Monthly Archives: February 2009

Time to Care

A 2008 study by the King’s Fund, “Seeing the person in the patient” has concluded that nurses are failing to communicate compassion, respect, and emotional support when providing nursing care.  The authors of this study point out that patients are generally satisfied with the standards of medical and nursing intervention, but often feel on the receiving end of depersonalised and dehumanised care.

The recent NHS review & the subsequent department of health documents including “High Quality Care for All: NHS Next Stage Review” appear to emphasise the position of nurses being at the fore-front of improving the quality of patient care.  However, at the same time significance is equally afforded to the need for nurse to strive to achieve targets and outcome measures in other areas of their clinical practice that may impinge on their time and ability to provide holistic patient-centred care.

Maben & Griffiths (2008:5) suggest that “nurses have lost their way while navigating the complexity of the increasingly technical environment that is contemporary health care.”   Undoubtedly, technological advances, organisational, and educational changes have influenced the position and role of nurses in the provision of healthcare. 

Yet, within this fast-paced technological world has there been a shift in the central primacy of care and caring within the ideology and values of nursing practice? 

The nature of caring appears synonymous within the core qualities, skills, and competencies of nursing practice.  Effective communication, listening, conveying empathy, integrity, and positive regard are some of the interpersonal attributes at the heart of caring relationships. 

However, it has been suggested that “the bureaucratisation of health has contributed to the hospital setting and care becoming a soulless, anonymous, wasteful, and inefficient medical factory performing medicine as medicine demands it, not as the patient needs it”.  (Porter 2002 cited in Goodrich & Cornwell 2008: 1).

Is it always possible for nurses and their allied healthcare colleagues to provide the highest level of individualised care that meets the multi-factorial needs and wants of the individual and their family?  Furthermore, what are the central drivers influencing receivers (patients) and providers (nurses) experience of care?  Finally, as professionals with a vested interest, how can we engender the values of compassionate and personalised care in today’s student nurses that form the fulcrum of their future practice?  Remember, they are the workforce of tomorrow.

The efficacy of neuroleptics. Why a change in injection technique might settle a score between biological and social psychiatry.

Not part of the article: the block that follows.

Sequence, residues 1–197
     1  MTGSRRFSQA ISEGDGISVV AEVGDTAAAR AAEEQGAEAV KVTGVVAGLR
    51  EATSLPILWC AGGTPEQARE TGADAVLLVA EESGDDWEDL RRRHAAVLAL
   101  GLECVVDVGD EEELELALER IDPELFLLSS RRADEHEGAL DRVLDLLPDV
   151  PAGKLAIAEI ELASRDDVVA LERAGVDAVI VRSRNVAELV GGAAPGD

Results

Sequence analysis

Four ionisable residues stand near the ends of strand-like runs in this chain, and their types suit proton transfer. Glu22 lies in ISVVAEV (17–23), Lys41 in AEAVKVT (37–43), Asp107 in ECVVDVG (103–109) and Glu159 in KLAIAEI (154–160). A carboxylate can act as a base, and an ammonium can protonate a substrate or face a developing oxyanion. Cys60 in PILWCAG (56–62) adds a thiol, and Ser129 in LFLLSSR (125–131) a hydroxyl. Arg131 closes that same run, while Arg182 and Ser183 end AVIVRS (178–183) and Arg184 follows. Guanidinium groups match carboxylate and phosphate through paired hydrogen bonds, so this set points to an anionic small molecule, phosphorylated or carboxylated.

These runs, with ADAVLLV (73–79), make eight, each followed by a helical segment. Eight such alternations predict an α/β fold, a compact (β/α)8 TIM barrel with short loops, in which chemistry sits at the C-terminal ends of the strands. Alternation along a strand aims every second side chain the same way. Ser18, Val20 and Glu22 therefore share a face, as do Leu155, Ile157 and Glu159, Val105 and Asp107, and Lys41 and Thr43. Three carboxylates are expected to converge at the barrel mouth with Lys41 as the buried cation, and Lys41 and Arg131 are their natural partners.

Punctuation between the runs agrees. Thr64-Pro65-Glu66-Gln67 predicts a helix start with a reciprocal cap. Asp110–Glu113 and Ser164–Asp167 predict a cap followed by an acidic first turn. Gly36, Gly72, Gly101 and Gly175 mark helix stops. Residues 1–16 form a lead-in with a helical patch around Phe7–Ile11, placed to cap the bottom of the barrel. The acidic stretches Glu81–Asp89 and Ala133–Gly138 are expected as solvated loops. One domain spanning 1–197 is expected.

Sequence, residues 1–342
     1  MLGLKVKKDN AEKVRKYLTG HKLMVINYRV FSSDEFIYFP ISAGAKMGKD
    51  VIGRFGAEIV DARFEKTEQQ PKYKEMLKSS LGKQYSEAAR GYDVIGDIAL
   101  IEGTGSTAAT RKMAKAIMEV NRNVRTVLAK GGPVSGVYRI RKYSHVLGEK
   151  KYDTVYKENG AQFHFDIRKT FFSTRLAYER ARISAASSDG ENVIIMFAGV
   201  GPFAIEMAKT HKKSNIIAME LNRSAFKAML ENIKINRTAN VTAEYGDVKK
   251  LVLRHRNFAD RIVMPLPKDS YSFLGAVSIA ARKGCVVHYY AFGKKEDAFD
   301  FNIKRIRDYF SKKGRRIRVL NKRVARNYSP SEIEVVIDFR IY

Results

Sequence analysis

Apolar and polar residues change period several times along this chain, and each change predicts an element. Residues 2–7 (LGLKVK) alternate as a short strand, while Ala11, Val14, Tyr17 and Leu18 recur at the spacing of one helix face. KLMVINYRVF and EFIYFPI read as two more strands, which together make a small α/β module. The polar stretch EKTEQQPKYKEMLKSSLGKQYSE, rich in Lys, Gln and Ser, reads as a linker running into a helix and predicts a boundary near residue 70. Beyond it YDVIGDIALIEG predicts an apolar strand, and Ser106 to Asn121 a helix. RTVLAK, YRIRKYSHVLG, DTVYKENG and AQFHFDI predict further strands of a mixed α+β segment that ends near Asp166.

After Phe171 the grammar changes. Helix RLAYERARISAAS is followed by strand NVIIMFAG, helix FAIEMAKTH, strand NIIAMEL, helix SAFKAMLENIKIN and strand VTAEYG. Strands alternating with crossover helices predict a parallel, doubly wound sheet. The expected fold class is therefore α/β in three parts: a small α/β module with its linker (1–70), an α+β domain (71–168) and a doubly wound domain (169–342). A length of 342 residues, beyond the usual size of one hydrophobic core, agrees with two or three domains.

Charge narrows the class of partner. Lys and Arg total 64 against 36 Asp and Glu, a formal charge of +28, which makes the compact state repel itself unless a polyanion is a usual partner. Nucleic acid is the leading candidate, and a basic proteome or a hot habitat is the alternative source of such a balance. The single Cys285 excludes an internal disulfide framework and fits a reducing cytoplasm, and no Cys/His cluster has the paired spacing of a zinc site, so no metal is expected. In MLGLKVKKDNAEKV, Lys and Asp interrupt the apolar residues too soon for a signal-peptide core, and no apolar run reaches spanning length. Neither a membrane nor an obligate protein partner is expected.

Mental health nurses have been involved in the administration of depot neuroleptics ever since the first depots were designed in the 1960s. They are given by a deep intramuscular injection into the gluteal muscle every fortnight or so and are particularly useful for people with schizophrenia who we believe are not to be trusted with remembering to take their medication by themselves.

 

There appears to be a shift at the moment in the UK in the way depots are administered, away from an injection in the gluteus maximus (the dorsogluteal method, using the upper outer quadrant method to correctly site the injection), to the injection being given in the gluteus medius (the ventrogluteal or hip site, midway between the top of the hip bone and the crest of the pelvis). The old method is relatively more dangerous (the sciatic nerve is nearby, there is a large blood supply to this muscle), and we now also know that the chances of actually injecting the muscle using this method are quite poor, because there is a large amount of subcutaneous tissue around this muscle. One study has shown that as many as 19 out of 20 people might be being injected into fat rather than muscle. On the other hand, the ventrogluteal method is safer because there are no major nerves are arteries nearby, and we can inject into the muscle with greater confidence as there is less subcutaneous tissue around the gluteus medius. In short, we’ve not actually being treating people with the correct dose of neuroleptic for years, but now we can because we’re going to use a site that is more effective.

 

So this change in technique might lend weight, one way or another to the debate about whether neuroleptics actually work. The commonly held belief about neuroleptics is that they help regulate dopamine and other neurotransmitters in the brain, an overexcitation of dopamine being responsible for the so called positive symptoms of schizophrenia, such as the hearing of voices or having unusual thoughts. Some people take the view though that there is poor evidence to support this theory. A purely biological explanation for schizophrenia is unsatisfactory. Schizophrenia is a complex ‘illness’ which can be explained just as well in psychological or sociological terms than by the medical model. In fact, some say, there is no such thing as schizophrenia, and it’s not very helpful to be labelled so. Some service users will say that neuroleptics have never helped their voices go away, and some do not actually want this to happen anyway!

 

If you believe that neuroleptics help reduce the symptoms of schizophrenia, but now know that people on depots have not been receiving anywhere near the correct dose, what has been keeping people well for so long? Have people been well? Have we been actually defining wellness based on how willing the recipients of depots have been to drop their trousers every fortnight?

 

If you don’t believe that neuroleptics work, knowing that they’ve not been given correctly anyway adds a little bit of weight to your argument. But now that people are going to receive the correctly prescribed dose, we should be able to tell once and for all whether they work.

 

Although this is clearly an oversimplified way of looking at just one element of a well documented debate, think about this – how would you feel if you found out that the injection you were receiving (often unwillingly) for many years, wasn’t actually being given properly?